In June the United States Supreme Court cut the amount of punitive damages awarded in the Exxon Valdez case. You will remember that the Valdez was the oil tanker wrecked off the coast of Alaska in 1989, causing 11 million gallons of oil to spill in the Prince William Sound. To date this is the worst oil spill in United States history. Exxon faced both criminal and civil actions as a result of the oil spill. Exxon appealed from the civil action, in which the jury awarded $5 billion (later reduced to $2.5 billion) in punitive damages against Exxon and for the Plaintiffs, commercial fishermen and native Alaskans whose livelihood was destroyed by the oil spill. The United States Supreme Court reduced the $2.5 billion in punitives to $507.5 million, the same amount as compensatory damages. The reduction in punitives was based on the Supreme Court’s review and interpretation of maritime law regarding punitive damages.
The evidence that had been presented to the jury awarding the damages showed that the captain of the Exxon Valdez was intoxicated as he commanded the ship. Testimony at trial showed that the captain, Joseph Hazelwood, was an alcoholic in relapse who drank in bars, hotels, restaurants, various parking lots and ports, airports, airplanes, and on oil tankers, and that his alcoholism was known by members of Exxon management. Although Exxon had a policy prohibiting crew from serving on its ships within four hours of consuming alcohol, no action was taken to discipline Hazelwood or remove him as captain of the tanker. On the night of the accident, Hazelwood drank at least five double-vodkas before boarding the ship and his blood alcohol is estimated to have been about .241 at the time of the disaster.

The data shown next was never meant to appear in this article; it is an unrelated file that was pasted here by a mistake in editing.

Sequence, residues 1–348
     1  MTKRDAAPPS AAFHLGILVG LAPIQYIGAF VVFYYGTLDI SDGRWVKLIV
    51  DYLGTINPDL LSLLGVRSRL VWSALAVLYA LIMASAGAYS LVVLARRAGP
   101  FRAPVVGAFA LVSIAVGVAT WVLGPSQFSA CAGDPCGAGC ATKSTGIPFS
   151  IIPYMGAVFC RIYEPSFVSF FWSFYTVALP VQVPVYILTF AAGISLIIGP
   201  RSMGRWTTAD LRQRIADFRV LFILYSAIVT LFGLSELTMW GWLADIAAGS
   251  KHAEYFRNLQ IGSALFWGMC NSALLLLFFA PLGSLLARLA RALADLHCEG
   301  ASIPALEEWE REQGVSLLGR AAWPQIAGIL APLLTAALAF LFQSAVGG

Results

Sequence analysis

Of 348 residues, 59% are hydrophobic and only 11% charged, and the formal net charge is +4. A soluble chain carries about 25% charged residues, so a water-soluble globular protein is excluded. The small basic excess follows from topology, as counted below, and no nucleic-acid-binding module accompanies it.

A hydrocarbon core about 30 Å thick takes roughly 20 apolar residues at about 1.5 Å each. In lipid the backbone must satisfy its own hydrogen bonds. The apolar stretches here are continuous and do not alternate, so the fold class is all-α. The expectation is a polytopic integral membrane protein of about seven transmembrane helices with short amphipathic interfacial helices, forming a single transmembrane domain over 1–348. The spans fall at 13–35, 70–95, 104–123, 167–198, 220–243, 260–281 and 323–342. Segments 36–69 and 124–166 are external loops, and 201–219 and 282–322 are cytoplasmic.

Exxon posted a $40.6 billion profit for 2007 and had the highest quarterly results for any corporation in United States history in February 2008. Considering the enormous wealth of this corporation, the amount of punitive damages remaining against Exxon will doubtless have little if any deterrent effect on Exxon’s future conduct. In spite of its record earnings, Exxon has recently filed a request with the United States Supreme Court asking it to declare that it does not have to pay post-judgment interest on the reduced judgment. The victims are asking for interest which would amount to about $500 million. I believe they are entitled to receive it.
The effect of this decision on punitive damages in other cases is being debated with no real answer at this point. It’s my belief that the Exxon case will not have the effect that many in Corporate America hope it will have. Only time will tell if that assessment is correct.
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